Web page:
Make sure you are doing a good job warming up your shoulders before doing any heavy weights. I'd also stretch on off days as well as foam roll and use a lacrosse ball on your muscles.
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    #7
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    I've a fucked rotar that has had me out of training for the past 2 months or so.
    I've a host of problems...

    I overtrained my chest, leaving the balance fucked, straining the cuff as its wedged more at the front than back
    Dislocated it before so I've also cartilidge damage
    My shoulder is 3cm dropped on the right side compared to the left

    I've been told to train back/chest at a 2/1 ratio to restore balance (then told to stop training altogetjer until my mri scan)
    Don't use free weights, they restrict the body to movement in a fixed manner, so the body cannot move in a natural way. Forces you into uncomfortable and un-natural movements which isn't good.

    Free weights were the death of my rotar cuff, the pec dec in particular at a very low weight... Not even a warm up weight...
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    #8
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    I thought it was the opposite... Machines like the smith machine and the leg press don't allow natural movements, while free weights do.
    For example if you're doing ohp on the smith machine, the bar has its own path but if you're using a barbell, you can move it more comfortably.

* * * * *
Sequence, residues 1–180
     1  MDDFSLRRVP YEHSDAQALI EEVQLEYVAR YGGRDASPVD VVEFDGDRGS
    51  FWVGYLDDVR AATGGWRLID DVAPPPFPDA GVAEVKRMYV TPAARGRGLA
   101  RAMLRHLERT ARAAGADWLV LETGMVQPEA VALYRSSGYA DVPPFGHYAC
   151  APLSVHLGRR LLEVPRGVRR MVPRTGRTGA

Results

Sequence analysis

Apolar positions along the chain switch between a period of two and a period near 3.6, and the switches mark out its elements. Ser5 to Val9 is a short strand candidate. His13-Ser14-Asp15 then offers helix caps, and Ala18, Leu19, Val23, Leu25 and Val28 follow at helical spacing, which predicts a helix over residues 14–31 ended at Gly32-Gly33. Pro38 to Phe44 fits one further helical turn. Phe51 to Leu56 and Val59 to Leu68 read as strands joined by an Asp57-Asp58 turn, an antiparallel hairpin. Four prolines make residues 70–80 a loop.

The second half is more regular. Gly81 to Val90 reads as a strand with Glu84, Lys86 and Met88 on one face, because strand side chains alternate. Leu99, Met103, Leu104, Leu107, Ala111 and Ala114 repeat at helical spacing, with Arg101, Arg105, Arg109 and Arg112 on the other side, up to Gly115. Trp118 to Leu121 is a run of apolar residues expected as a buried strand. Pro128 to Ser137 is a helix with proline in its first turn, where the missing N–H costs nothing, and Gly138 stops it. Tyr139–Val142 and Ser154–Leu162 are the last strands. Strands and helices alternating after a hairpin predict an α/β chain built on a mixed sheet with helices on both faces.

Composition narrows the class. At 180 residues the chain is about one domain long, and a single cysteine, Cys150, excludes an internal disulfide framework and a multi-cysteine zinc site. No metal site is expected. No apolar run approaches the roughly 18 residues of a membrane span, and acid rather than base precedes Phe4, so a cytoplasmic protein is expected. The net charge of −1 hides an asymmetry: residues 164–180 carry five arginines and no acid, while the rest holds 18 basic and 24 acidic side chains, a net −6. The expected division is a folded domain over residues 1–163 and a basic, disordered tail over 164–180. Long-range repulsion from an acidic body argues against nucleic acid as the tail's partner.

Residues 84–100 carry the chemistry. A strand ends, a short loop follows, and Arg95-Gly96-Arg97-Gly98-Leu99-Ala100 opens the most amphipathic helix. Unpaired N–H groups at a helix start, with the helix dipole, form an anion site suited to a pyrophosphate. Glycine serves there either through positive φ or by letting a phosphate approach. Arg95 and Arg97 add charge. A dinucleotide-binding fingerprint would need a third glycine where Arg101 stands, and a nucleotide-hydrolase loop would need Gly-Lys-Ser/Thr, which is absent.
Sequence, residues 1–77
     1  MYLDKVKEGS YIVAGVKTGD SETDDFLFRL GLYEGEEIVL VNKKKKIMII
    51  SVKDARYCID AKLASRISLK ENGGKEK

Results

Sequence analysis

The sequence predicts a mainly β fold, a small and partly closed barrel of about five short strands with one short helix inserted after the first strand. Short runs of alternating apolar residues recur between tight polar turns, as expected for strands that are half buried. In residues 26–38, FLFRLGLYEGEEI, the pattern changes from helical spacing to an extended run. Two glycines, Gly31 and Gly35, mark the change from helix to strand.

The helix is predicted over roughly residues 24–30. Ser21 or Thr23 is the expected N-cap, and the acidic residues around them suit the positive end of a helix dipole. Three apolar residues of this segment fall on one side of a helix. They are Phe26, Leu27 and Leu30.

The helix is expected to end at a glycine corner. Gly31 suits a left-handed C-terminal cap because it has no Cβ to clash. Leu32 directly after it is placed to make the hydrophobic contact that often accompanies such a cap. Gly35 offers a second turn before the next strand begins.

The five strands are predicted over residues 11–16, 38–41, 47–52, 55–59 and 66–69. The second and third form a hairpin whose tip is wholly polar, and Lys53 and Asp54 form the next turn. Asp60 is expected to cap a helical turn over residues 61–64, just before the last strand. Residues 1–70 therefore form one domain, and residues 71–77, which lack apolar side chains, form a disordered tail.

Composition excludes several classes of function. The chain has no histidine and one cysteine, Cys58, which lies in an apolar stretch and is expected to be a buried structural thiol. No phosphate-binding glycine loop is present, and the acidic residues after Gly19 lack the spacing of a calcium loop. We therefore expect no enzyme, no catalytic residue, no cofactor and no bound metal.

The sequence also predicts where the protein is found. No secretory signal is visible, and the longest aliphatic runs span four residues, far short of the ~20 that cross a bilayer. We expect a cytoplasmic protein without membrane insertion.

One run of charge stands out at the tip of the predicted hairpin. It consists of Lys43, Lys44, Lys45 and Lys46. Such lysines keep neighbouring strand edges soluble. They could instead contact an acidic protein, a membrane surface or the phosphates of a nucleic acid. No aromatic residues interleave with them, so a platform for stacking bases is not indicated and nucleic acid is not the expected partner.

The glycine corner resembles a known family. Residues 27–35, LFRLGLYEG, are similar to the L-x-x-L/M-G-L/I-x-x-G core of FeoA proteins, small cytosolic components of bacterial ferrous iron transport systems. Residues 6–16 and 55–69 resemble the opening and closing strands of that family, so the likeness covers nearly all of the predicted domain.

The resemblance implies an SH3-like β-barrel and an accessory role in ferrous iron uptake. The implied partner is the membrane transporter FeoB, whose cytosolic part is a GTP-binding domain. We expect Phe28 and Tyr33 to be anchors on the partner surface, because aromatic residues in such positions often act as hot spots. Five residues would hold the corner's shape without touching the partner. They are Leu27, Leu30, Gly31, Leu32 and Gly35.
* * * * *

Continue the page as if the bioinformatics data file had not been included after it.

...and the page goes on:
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    #9
    Bluelighter [S]alvatore's Avatar
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    Quote Originally Posted by nolys View Post
    Don't use free weights, they restrict the body to movement in a fixed manner, so the body cannot move in a natural way. Forces you into uncomfortable and un-natural movements which isn't good.

    Uhhhh, what?

    Free weights were the death of my rotar cuff, the pec dec in particular at a very low weight... Not even a warm up weight...
    Pec dec is free weights?
    Was that a troll post?
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    #10
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    Quote Originally Posted by [S]alvatore View Post
    Was that a troll post?
    I think he is confusing free weight with machines. Machines prevent you from moving in a natural way (Smith Machine for example) and restrict use of stabilizer muscles. I like using both machines and free weights.
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    #11
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    Sorry I meant fixed weights** my bad guys lol

    The pec dec part should have clarified my mistake lol
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    #12
    Bluelighter Serotonin101's Avatar
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    I pretty much only use free weights aside from rows for the most part and pull Downs.
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    #13
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    Quote Originally Posted by Serotonin101 View Post
    I pretty much only use free weights aside from rows for the most part and pull Downs.
    I use them for these and some rope weighted exersizes
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    #14
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    I like to mix it up and use whatever is available. Mostly free weights, some machines. If you have Hammer Strength machines (esp. for chest), they are great. Alas, my gym has none of these.